Ontario’s “Local Food Act”

On Monday of this week, the Ontario government re-introduced the Local Food Act. The new Bill 36, “An Act to enact the Local Food Act, 2013” (pdf) contains two provisions generating most of the response in the press: local food procurement and Local Food Week. Some have complained that the Act would replace “Ontario Agriculture Week” with “Local Food Week” -by celebrating both in the week before Thanksgiving.

Local food procurement by public sector organizations is the focus of most of the Act’s provisions, which lay the groundwork for mandated “goals or targets” for various  sectors. These goals or targets are a way of addressing one of the practical constraints to encouraging procurement of local food in the public sector: metrics**.  Research on Ontario’s health care sector suggests that these mandated “goals or targets” are only half of the ‘metrics’ that are required. The report’s authors found that the province must first establish clear and definitive boundaries around the concept “local food” -and how it is to be measured- and then give public sector organizations the opportunity to establish baselines. This is the approach used by the Canadian Environmental Law Asoociation’s model bill [Ontario Local Food Act 2013 – pdf], which contained -as a first step- the assessment of existing local food procurement (along with production, processing, and distribution).

One of Ontario’s opposition parties has suggested that the province needs more food terminals, modelled on the Toronto terminal that handles most of the current produce sold in Ontario. Regions across Ontario (from Peterborough to PerthSimcoe to Ottawa) are currently taking action on their own to establish regional food hubs that would provide aggregation, processing and distribution infrastructure to service regionally-determined needs. Anyone who follows the ‘Fortnightly Feast‘ on this page knows that, just across our borders, the state governments of Michigan and New York are investing economic development money into the construction of “food hubs” to help drive regional recovery.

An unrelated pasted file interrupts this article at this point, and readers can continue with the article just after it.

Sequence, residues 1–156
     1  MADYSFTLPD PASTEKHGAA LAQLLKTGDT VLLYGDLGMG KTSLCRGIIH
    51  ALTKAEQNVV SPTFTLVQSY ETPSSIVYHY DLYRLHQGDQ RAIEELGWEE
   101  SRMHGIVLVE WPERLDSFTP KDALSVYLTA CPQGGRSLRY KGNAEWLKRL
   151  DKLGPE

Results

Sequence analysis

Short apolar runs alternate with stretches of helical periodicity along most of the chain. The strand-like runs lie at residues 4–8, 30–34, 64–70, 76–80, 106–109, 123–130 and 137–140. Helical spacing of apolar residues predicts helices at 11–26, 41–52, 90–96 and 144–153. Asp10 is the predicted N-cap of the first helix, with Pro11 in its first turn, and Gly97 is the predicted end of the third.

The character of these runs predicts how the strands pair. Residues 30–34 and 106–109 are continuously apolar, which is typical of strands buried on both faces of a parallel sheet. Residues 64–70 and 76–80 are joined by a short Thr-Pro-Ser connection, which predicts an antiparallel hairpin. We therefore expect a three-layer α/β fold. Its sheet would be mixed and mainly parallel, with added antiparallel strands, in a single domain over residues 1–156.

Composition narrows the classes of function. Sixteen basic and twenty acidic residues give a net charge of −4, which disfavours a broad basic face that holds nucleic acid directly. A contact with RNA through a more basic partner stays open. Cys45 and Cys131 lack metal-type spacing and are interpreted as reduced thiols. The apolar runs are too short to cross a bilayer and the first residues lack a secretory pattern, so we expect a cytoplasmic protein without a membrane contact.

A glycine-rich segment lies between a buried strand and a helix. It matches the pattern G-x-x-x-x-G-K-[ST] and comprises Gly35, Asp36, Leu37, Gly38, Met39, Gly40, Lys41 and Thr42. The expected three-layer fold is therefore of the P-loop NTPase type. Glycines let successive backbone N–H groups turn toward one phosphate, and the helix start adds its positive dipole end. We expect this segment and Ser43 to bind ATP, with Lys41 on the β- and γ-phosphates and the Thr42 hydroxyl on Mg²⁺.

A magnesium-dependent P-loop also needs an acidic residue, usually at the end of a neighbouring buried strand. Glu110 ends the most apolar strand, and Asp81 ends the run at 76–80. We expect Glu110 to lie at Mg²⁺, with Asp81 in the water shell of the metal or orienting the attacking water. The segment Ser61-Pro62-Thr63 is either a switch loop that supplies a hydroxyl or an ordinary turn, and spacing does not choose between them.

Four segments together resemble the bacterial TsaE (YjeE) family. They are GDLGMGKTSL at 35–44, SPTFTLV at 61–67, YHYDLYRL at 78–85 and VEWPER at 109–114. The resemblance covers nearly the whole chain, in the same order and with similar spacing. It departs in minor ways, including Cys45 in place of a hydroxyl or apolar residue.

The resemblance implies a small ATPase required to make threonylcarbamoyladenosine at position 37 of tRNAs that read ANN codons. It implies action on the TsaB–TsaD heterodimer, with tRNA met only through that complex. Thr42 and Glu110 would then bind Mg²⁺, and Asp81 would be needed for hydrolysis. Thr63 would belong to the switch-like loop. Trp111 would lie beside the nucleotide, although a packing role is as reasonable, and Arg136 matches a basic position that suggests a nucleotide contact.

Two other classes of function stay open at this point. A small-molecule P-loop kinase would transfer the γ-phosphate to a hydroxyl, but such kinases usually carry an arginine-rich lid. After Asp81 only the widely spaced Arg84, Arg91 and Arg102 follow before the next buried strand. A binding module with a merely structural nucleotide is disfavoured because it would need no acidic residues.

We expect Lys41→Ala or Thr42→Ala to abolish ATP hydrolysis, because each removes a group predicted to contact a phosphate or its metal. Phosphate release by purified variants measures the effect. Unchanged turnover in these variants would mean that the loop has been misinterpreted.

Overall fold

**(Note: other practical constraints to public sector procurement include i) the BPS Procurement Directive‘s non-discrimination clause; and ii) group purchasing. A recent policy report on local food procurement in Ontario health care concluded that even allowing local food exemptions for procurement contracts under $100,000 would have little effect, as most food services contracts (because of group purchasing) involve amounts larger than that!)

 

One thought on “Ontario’s “Local Food Act”

  1. Phil Post author

    I believe that a strong commitment to invest in regional food hubs -in the Local Food Act- would send the message to producers that the provincial government is also going to tackle the ‘other half’ of the public sector procurement issue: lack of regional food infrastructure in the province. This infrastructure would facilitate procurement by school food programs, public sector organizations, and local food programs that sustain low income communities. Given the additional benefits of diversified markets for Ontario farmers and increased efficiency in food transport, I can’t help but think that a commitment to investment in regional food hubs must be a core component of the Local Food Act.

    Phil Mount

    Reply

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